Warning that St Albans council may lose plans power
- Credit: Archant
DEVELOPERS could gain control of planning in the district because of the lack of a Strategic Local Plan (SLP) according to a third-party review of the service.
The stark warning has come from representatives and experts from other councils and local government bodies who were asked to carry out a peer review by St Albans council into ways of developing the planning service and what opportunities there were for improvement and change.
The main concern raised by the review was the lack of an SLP which the panel believes presents “a major strategic risk to the council”.
Panel members have warned that with no up-to-date local policy framework to inform decision-making on development, the door is open to developers who might wish to test the council by submitting proposals for development in the Green Belt and then going to appeal if unsuccessful.
That is a particular risk in an area where high land values are combined with an acknowledged demand and need for housing.
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The report warns: “A successful appeal could open the door for other developers with the consequence of development by appeal and the council losing control where development takes place.”
The panel urges the council to make the adoption of the SLP its number one priority using a project management approach with a clear timetable which would need to include community-wide engagement as, “a continuous thread”.
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The pre-submission draft of the SLP went to council for approval last November but following the receipt of a petition about the development of land in the Green Belt at Oaklands Smallford campus, it was set aside and the council agreed to conduct a Green Belt review and housing needs study which will push back the production of the SLP to 2015.
The panel admits that making difficult decisions on development that affect local areas is not straightforward in St Albans for several reasons, including the current minority administration and the prospect of political change with one-third of the council up for election most years.
It concedes that the political situation could make longer-term planning difficult and believes there is a need for the council to gain cross-group consensus for the big strategic issues such as the SLP.
Also of concern was the number of planning appeals which the council has lost and the shortfall in the five-year housing land supply figure which is based on 360 new homes annually in the district compared with the current Office of National Statistics figure of 688.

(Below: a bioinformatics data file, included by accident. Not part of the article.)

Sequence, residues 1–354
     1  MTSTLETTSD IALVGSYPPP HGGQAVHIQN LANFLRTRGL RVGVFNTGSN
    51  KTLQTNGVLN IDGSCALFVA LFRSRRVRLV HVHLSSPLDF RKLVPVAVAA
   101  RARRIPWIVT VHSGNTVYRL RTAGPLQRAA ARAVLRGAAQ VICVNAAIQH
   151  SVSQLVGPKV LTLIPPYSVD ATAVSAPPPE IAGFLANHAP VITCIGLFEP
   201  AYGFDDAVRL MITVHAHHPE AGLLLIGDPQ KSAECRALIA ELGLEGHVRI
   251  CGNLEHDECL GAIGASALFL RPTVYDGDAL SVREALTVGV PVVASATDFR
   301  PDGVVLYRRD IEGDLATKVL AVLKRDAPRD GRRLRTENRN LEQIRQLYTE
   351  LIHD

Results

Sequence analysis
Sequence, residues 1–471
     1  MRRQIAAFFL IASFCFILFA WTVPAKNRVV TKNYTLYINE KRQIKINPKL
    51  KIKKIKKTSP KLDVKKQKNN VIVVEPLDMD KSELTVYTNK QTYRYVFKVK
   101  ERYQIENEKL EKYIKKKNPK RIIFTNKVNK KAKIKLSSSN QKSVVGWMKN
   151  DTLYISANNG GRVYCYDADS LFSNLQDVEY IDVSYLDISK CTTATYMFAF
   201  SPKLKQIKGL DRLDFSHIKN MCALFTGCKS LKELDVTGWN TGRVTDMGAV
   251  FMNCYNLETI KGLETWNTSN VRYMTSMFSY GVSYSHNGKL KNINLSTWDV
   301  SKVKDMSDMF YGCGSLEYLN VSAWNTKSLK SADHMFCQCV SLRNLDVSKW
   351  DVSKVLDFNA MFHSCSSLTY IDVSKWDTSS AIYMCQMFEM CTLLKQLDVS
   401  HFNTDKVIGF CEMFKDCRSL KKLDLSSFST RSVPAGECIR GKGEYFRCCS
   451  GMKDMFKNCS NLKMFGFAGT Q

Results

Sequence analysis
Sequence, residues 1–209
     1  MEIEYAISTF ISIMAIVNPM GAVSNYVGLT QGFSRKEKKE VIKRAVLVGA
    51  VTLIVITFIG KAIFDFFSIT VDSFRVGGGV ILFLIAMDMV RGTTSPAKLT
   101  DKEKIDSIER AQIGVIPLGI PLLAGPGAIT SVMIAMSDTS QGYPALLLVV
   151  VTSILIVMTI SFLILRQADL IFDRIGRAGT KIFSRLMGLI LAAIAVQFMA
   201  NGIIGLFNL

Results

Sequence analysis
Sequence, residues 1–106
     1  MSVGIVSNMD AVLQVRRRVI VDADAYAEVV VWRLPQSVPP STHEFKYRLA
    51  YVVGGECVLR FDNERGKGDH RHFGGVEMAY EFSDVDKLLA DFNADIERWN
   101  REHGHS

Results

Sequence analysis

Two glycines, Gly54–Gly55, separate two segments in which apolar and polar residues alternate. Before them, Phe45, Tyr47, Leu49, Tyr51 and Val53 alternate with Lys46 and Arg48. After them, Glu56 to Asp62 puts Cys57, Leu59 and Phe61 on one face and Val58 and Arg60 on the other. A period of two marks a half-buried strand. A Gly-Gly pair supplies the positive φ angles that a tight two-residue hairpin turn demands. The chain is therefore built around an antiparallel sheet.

The panel points out that St Albans has some of the highest land values in England and that, combined with the lack of an up-to-date spatial vision to guide future housing development and growth, could encourage developers to test policy and gain development benefit by appeal.
The report warns: “It needs only one major appeal to succeed to encourage others to test.”
St Albans is the busiest district-based planning authority in the country and refuses 28 per cent of applications, compared with 15 per cent from other authorities but often wins costs on appeal.
On a positive note, the panel found that recent planning performance had improved and staff were highly motivated to deliver a good service – many working long hours and giving up their entitlement to time off in lieu.
But the improved performance needed to be balanced against the loss of quality outcomes, the repeat handling of applications at no charge and the high number of costly appeals.
The panel also expressed surprise that a design code was being developed by local body Look! St Albans rather than by the council which should have, ‘a key leadership role to play on this’.
Leader of the council, Julian Daly, who took over the planning portfolio earlier this year, said: “We need to ensure that our planning service is fit for the future.
“We will use their [the panel’s] observations and recommendations to help us identify actions we can take to develop our planning service.”